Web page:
“Do I have a right to die? Religious believers answer for themselves that they do not. For a believer to say: ‘The time could come when I find myself in a situation that has no meaning, and I reserve the right to end my life in such a situation,’ would be to say that there is some aspect of human life where God cannot break through. It would be to say that when I as an individual can no longer give meaning to my life, it has no value, and human dignity is best served by ending it….That would be in the eyes of most traditional believers, Christian or otherwise, an admission that faith had failed… It would imply that life at a certain level of suffering or incapacity could no longer be lived in relation to God.”

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  • name withheld, 11th May 2016

    I am a fan of Rowan Williams but I found the remarks of his quoted in
    this blog appalling.

    Firstly there is something outrageous about an able bodied person telling a
    seriously disabled person that they should be able to find God ‘breaking
    through’ their suffering, and somehow they are failing in faith if they do
    not. Tell that to someone with ‘locked in’ syndrome if you dare.

    Secondly to say that as a believing individual I am suggesting, by
    wishing to end my suffering, that my life has no meaning, no value, and
    that my faith has failed, is logistically daft, as well as insulting. As ‘believers’ we know
    our life has meaning, eternal meaning, and we are not afraid of
    death, because for us, there is no death, only a continuation of life
    through the spirit. What we are actually saying is that our life HAS
    MORE MEANING than this dreadful suffering can give it. That we are
    worth MORE than this daily and intolerable pain. We are too
    precious, in the eyes of God, as well as in the eyes or our loved ones, and
    indeed ourselves, to continue to suffer in this way.

    There is also an implication in his words that somehow God is ‘allowing’
    suffering for some strange reason. Obviously we’re not talking here
    about the suffering that is the usual stuff of the human experience. We’re
    talking about appalling, continual suffering. Sorry, but I don’t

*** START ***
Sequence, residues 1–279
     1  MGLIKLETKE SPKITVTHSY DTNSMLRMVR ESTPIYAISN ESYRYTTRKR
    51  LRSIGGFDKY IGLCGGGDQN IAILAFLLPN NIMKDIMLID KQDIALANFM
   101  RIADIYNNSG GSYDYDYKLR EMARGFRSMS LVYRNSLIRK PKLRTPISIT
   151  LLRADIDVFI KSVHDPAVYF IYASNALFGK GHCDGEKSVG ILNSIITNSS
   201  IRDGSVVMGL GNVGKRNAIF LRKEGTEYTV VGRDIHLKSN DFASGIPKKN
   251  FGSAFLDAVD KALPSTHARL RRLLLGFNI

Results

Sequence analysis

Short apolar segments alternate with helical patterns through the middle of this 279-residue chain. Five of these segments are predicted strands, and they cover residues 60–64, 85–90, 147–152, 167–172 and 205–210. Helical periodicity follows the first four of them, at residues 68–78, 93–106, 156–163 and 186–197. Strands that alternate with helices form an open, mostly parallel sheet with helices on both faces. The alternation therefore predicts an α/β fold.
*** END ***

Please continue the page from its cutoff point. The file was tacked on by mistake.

‘believe’ in a God that wants me, or my fellows, to suffer in this way so
    that other Christians, outside of my body, mind and spirit, can somehow
    find meaning in it.

    If I decide my suffering is enough, I do so in the clear and absolute
    knowledge that I am loved, that I have done my best thus far, that my
    life will continue in the heart of Christ, and this temporal world is
    not, by any manner of means, as significant as Rowan Williams implies.

  • James T., 15th May 2016

    The older I get the more I find the words of some theologians meaningless – to
    me anyway.
    Picking apart the quote from Rowan Williams for instance; the phrase “God
    cannot break through”, is one example.
    I know of no-one in history apart from Jesus himself, (and a couple of
    characters in the Old Testament apparently?) whose bodies have not finally
    failed to function. This is the natural process, presumably designed by God. This process all too often involves pain and suffering, including disablement, debilitation, loss of dignity, disconnection and disengagement with significant others, which adds the element of loneliness. The more we understand how the body naturally deteriorates, and the kind of diseases that can afflict it, the easier it is to formulate an appropriate response. That response must include the acceptance that God will not, or cannot, ‘break through’ to halt a process which He designed.
    Williams’ uses other phrases which he suggests are incompatible with
    being a believer; “. . .an admission that faith had failed” and “that life at a
    certain level of suffering and incapacity could no longer be lived in relation to
    God” – depend upon what he means by a “believer”. There comes a point where it is incongruent to have faith in God intervening into this process that He designed, and that one needs a certain level of physical and mental functioning to live life in relation to anything or anyone, including God.
    If death then for a believer, is surely the passage into the ‘everlasting life’ in the presence of the triune God, whose love for us yearns for relationship, would
    He really prefer us to merely exist in disfunctioning physical deterioration
    unable to engage in any form of relationship, or would he not welcome us
    into his presence if we decided with the wisdom we’ve been granted to take
    that step into His presence?